Sitting in Dust

Sitting in Dust

The culminating moment in the book of Job is the one we just heard—God shows up and speaks to Job. For 37 chapters, Job has been arguing his case, asking that God show up and answer for Job’s suffering. And, finally, God does show up, and in a breathtaking whirlwind tour of the globe, God “answers” by pointing out the vast wonders of the earth and asking Job if he, Job, had anything to do with creating or sustaining them. Job, gobsmacked, just sits down and says, wow, now I get it—you are Creator and I am creature. All of this is beyond me, beyond my understanding and control. And that answer was accurate for millennia—pretty much from when the Book of Job was penned until the last 40 or 50 years. Until we humans began to, in a sense, play God. Not necessarily deliberately, but by altering the basic balance of the earth and its life—and thus changing some of the boundaries of which God spoke to Job.

It began when we discovered fossil fuels and accelerated when we began using them on a massive scale, powering everything from airplanes to cars to hair-dryers. In our quest to free up time so we could tackle the important things of life, like playing Candy Crush on our phones, we turned over all the things we used to do by human or non-human animal energy, such as laundry, plowing, getting from place to place, grinding coffee, we turned all of that over to fossil fuel powered machines. Don’t get me wrong, in many ways all of these things have made life easier and safer—at least for those of us who have access and can afford them. But the cost to the planet has been huge. Mountains blasted or stripped away and vast mines dug into the ground to get coal. Oil wells that spew out waste—not to mention spill oil into the ocean and other delicate ecosystems. Fracking for gas that pollutes groundwater and causes earthquakes. Nuclear power that generates waste with a half life range of 24,000 to 17 million years.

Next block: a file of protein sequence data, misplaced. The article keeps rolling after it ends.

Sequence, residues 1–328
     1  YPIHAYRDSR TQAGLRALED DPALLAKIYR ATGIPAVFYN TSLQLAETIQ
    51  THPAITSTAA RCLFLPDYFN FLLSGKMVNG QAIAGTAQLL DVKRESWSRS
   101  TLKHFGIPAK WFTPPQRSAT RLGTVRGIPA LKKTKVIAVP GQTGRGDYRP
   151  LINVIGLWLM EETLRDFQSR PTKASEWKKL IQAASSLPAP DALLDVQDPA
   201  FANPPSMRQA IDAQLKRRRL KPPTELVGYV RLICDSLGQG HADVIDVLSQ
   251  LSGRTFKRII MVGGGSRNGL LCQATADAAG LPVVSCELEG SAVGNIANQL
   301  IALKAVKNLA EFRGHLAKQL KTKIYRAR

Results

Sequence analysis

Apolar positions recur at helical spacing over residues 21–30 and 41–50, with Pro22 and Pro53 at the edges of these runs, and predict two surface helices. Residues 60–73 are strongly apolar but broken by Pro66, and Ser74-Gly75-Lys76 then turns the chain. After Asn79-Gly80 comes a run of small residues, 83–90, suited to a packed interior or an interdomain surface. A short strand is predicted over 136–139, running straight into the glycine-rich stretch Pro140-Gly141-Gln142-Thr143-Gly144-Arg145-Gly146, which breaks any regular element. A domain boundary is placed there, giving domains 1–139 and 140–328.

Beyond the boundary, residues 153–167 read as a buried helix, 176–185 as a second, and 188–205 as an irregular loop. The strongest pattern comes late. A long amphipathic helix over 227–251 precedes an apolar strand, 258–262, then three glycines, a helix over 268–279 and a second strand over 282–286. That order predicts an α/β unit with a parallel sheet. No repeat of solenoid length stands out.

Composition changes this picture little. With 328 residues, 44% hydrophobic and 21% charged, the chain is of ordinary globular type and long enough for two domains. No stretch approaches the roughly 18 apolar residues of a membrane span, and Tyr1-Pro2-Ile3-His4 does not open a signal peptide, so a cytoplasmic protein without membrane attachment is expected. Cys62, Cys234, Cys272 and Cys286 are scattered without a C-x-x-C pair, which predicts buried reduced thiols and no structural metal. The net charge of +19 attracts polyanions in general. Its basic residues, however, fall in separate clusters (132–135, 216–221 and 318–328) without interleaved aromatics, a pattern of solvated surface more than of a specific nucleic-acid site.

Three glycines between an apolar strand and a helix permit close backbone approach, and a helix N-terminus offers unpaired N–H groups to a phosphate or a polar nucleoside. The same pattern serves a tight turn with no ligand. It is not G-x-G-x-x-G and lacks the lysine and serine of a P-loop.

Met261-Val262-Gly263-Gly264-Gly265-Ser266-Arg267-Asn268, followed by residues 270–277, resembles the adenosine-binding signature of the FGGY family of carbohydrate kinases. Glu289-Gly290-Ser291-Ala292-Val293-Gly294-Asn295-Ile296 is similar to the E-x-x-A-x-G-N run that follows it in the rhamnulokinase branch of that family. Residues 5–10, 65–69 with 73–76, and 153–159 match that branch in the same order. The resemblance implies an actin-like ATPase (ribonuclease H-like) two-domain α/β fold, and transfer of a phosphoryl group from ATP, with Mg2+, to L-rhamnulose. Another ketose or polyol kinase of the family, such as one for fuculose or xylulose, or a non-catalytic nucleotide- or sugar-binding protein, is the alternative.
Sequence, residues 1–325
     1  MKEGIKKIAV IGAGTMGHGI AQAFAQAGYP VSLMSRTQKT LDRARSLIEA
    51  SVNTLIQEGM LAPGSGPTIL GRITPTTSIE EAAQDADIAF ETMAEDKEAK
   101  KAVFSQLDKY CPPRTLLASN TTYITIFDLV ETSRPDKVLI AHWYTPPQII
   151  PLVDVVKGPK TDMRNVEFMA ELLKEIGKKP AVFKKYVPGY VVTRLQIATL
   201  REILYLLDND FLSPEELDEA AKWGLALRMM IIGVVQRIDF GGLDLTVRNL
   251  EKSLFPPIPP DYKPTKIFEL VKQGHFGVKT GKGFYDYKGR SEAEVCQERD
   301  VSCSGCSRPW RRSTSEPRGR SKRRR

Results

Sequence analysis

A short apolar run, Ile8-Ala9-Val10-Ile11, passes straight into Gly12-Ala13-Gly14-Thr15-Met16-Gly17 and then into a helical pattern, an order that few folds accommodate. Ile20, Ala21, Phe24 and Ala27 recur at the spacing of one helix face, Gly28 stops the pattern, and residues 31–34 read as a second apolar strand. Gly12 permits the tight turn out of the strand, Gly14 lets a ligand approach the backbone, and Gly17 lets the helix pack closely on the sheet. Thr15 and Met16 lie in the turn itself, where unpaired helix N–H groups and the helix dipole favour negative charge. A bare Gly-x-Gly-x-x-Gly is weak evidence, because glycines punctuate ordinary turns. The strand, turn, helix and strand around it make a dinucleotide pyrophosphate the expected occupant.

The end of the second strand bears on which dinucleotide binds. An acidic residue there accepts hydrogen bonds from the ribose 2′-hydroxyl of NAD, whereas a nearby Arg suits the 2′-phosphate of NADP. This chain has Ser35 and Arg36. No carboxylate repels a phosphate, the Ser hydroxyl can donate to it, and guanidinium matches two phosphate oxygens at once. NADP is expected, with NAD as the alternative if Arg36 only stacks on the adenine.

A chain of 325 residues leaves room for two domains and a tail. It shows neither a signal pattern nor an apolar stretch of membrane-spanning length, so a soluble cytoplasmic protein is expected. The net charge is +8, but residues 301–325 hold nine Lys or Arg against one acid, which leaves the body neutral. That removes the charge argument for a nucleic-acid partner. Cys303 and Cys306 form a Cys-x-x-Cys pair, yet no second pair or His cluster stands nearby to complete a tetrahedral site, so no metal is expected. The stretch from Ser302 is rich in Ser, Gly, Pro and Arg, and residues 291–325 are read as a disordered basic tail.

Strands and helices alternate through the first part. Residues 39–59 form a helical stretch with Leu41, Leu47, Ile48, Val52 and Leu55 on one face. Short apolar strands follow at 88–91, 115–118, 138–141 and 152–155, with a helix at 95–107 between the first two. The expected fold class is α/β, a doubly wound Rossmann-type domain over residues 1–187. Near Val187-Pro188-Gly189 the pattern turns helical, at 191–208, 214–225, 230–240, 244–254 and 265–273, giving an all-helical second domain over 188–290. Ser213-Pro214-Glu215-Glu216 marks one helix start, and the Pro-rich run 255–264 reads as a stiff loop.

And aside from the damage that extracting this energy from the earth does, there is the damage done by burning fossil fuels—creating a rapidly warming climate, driven by human activity.  We in the US are one of the biggest culprits, spewing more CO2 into the air per capita than most other countries. Our current government is shredding every policy and agreement that was designed to reduce our carbon footprint and has halted giving money to a fund that helps poorer countries invest in clean energy and adapt to a warming world. So far, all of this has driven a 1 degree F rise in temperature, and computer models make it clear that unless we make dramatic changes in the very near future the temperature will rise another 5 degrees. That is not the worst case scenario; that’s the middle case guess, and it will happen in the lifetime of the youngest people in this room. It is a change that will make the world warmer than it has been for hundreds of millions of years and will result in what NASA climatologist, James Hansen, called a totally different planet. This is a global catastrophe—for all of life. Though, as usual, it will disproportionately affect people who are poor and vulnerable, as well as non-human life. The best guesses are that the extinction consequences of the temperature increases we are creating would be greater than the last time an asteroid hit the earth, except this time we are the asteroid.  And the latest UN Climate Report says we have about 12 years left to have a hope of altering this trajectory.